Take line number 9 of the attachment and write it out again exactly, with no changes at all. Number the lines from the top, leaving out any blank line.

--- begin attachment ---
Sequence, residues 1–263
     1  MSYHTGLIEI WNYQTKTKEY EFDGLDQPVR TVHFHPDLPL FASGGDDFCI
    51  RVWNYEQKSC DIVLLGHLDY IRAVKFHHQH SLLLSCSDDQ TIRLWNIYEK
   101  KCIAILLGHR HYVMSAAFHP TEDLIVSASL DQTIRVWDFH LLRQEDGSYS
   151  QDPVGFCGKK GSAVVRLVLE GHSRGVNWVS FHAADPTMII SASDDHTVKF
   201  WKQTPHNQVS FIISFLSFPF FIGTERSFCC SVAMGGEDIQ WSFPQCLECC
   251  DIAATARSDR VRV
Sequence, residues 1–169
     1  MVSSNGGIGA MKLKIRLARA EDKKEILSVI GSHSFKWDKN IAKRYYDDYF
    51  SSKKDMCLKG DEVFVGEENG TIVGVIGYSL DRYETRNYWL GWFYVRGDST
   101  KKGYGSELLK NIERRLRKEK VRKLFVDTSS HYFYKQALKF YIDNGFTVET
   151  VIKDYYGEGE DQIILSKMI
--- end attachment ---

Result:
     1  MVSSNGGIGA MKLKIRLARA EDKKEILSVI GSHSFKWDKN IAKRYYDDYF